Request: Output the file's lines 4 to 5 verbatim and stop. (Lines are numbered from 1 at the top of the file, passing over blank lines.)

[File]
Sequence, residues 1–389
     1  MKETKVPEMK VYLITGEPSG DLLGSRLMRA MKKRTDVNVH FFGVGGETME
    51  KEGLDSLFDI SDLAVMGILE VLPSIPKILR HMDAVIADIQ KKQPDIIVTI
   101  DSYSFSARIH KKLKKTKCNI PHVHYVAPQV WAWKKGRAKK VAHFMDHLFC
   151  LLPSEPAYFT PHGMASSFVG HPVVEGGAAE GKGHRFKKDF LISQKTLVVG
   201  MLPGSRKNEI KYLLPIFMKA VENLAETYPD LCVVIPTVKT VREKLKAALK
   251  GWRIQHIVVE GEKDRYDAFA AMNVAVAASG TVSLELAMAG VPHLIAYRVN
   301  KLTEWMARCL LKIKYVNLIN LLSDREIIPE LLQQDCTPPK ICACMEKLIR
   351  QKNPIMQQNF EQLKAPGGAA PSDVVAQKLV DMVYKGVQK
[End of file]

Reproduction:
   101  DSYSFSARIH KKLKKTKCNI PHVHYVAPQV WAWKKGRAKK VAHFMDHLFC
   151  LLPSEPAYFT PHGMASSFVG HPVVEGGAAE GKGHRFKKDF LISQKTLVVG